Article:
A good quality stock generally chicken, vegetable or seafood is slowly added into the mixture while the risotto cooks at a medium simmer, pausing until each portion of the liquid has been absorbed before adding more and continuing the process as the recipe directs.To make ladling easier have your pot of broth next to your risotto pot on the stove. Make sure your broth is hot. Adding cold broth to hot rice results in a hard, uncooked kernel in the center of the grain.
At this point the stirring begins and here is where the cook's impatience has been the undoing of many a risotto. You must add the stock by ladling in one cup and allowing the mixture to come to a medium bubble stirring occasionally to keep the rice from sticking as it absorbs the liquid. Pause then once the rice has absorbed most of the liquid, add a half-cup more of the stock and keep stirring gently, pausing between each addition as the mixture comes to a medium bubble and the stock is absorbed. Aim to have the stock mostly absorbed by this method over the course of about 15 minutes
The portioned adding of the liquid is important to achieve the creamy, silky consistency that is a hallmark of a well-made risotto. Adding the liquid too quickly and over stirring will ruin a risotto’s texture. The key to stirring a risotto is the right amount of agitation because risotto's creaminess comes from the starch generated when the grains of rice rub against each other. Proper stirring releases the starch that creates a creamy sauce. There is a myth about stirring. It is not necessary to stir the risotto constantly but do not abandon it either. Over stirring will add air into the risotto, cooling it down and making it mushy and gluey. But if you don't stir enough, the rice will stick to the bottom and burn. Risotto shouldn't take more than 20-30 minutes to cook to reach that ideal al dente texture, creamy and soft, just firm enough in the center.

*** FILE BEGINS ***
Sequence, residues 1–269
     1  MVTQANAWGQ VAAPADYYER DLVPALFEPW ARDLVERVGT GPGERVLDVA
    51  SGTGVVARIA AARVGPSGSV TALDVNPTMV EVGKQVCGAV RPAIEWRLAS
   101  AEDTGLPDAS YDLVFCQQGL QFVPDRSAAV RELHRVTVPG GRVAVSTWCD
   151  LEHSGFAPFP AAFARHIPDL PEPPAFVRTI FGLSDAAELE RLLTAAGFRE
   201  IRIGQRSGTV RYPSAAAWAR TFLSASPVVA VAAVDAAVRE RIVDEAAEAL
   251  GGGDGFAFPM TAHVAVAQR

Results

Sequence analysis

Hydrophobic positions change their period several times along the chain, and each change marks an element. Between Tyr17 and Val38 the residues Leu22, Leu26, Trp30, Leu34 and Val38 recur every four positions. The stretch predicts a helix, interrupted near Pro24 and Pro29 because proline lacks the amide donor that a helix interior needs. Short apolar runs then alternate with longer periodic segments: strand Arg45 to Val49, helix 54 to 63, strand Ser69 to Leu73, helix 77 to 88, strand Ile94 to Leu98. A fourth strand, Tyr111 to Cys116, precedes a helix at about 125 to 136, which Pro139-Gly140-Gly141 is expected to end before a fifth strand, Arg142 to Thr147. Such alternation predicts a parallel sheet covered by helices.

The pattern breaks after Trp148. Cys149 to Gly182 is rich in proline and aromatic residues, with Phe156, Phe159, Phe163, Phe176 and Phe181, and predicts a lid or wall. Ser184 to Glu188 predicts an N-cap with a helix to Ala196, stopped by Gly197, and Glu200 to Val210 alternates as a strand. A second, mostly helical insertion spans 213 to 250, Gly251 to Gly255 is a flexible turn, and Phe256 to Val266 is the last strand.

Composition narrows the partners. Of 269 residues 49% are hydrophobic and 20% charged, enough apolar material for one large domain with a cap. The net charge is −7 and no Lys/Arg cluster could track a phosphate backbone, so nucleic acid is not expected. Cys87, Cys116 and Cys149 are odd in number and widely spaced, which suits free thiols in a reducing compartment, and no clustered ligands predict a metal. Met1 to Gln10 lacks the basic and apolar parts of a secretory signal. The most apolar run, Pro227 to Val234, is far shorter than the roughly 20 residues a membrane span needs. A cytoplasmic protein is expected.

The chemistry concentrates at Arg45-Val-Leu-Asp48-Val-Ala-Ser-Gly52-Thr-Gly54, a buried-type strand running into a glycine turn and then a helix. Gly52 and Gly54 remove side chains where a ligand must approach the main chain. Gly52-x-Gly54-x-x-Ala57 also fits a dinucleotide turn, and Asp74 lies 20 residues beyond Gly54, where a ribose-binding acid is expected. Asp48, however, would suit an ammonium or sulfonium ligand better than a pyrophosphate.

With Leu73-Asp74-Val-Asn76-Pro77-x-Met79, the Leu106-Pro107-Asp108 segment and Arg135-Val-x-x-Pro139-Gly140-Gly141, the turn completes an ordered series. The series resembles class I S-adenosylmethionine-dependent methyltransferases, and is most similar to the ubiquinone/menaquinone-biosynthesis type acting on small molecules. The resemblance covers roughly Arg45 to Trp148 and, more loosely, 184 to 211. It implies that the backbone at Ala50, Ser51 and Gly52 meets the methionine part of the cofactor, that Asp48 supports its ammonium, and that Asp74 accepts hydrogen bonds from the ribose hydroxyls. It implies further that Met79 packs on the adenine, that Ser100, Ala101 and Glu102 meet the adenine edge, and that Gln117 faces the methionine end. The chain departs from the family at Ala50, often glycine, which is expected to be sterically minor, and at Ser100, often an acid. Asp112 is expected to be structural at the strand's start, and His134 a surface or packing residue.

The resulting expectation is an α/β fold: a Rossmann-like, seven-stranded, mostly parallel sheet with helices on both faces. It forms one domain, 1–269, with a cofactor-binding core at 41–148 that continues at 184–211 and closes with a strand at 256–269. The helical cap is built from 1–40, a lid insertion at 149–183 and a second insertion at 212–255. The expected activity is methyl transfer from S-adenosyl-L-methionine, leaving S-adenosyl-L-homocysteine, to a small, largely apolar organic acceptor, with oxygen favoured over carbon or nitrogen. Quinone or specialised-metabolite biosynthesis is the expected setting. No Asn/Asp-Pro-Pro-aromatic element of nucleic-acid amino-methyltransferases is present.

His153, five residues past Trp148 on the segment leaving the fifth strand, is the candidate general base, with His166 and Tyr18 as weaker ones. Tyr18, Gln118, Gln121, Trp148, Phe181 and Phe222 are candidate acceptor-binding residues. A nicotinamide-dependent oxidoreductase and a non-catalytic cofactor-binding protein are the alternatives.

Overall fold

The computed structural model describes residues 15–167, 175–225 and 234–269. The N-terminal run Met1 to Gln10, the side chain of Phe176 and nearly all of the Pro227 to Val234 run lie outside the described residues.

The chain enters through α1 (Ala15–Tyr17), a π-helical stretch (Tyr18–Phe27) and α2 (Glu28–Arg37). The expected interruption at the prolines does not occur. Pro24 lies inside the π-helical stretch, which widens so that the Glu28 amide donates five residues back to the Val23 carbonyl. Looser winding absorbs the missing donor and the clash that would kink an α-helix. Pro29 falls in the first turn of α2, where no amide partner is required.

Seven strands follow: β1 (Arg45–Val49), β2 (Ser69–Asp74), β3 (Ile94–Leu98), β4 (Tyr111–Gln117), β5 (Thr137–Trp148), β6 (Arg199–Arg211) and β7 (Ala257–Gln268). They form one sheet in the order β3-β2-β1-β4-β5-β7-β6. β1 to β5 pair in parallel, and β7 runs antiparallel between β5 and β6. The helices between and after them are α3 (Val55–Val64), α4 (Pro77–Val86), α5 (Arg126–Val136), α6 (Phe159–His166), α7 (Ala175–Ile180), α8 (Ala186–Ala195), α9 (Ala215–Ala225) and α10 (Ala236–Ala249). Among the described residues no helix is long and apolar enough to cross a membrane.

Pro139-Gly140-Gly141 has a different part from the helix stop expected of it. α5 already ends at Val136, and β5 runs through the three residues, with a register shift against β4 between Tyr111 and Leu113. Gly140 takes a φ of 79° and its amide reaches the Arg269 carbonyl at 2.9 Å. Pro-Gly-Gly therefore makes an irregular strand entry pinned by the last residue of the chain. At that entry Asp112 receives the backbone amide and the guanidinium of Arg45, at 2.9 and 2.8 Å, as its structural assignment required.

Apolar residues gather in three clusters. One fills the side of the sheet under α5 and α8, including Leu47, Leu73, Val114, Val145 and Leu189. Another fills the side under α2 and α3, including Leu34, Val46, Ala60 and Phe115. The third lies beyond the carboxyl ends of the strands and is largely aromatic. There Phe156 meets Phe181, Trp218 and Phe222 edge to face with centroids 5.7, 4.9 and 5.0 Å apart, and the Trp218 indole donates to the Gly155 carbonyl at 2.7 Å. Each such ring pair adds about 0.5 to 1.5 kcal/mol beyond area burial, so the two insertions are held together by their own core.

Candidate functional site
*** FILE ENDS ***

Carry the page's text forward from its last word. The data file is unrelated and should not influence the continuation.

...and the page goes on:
A metal spoon can react with certain ingredients in a recipe and change the taste or texture of the dish. Italians prefer a wooden spoon called a girariso, a “rice rotator,” with a large hole in the center. The design of the spoon allows the rice to freely flow through the hole back and forth as it stirs in the opposite direction increasing the effectiveness of stirring. A wooden spoon is also a better choice because it does not react with any ingredients.
Now that the risotto is cooked and ready it is time to turn off the heat and for the last step of risotto preparation, the mantecatura, adding butter and cheese (typically parmigiano) to your rice. In Italian mantecare means whipping to reach creamy stage resulting all’onda, the wave. The texture of a well-made risotto as you tip it from the pan in an ocean like wave onto a heated flat plate or warm shallow bowl. Then take a moment to pause and enjoy one of Italy’s most iconic dishes.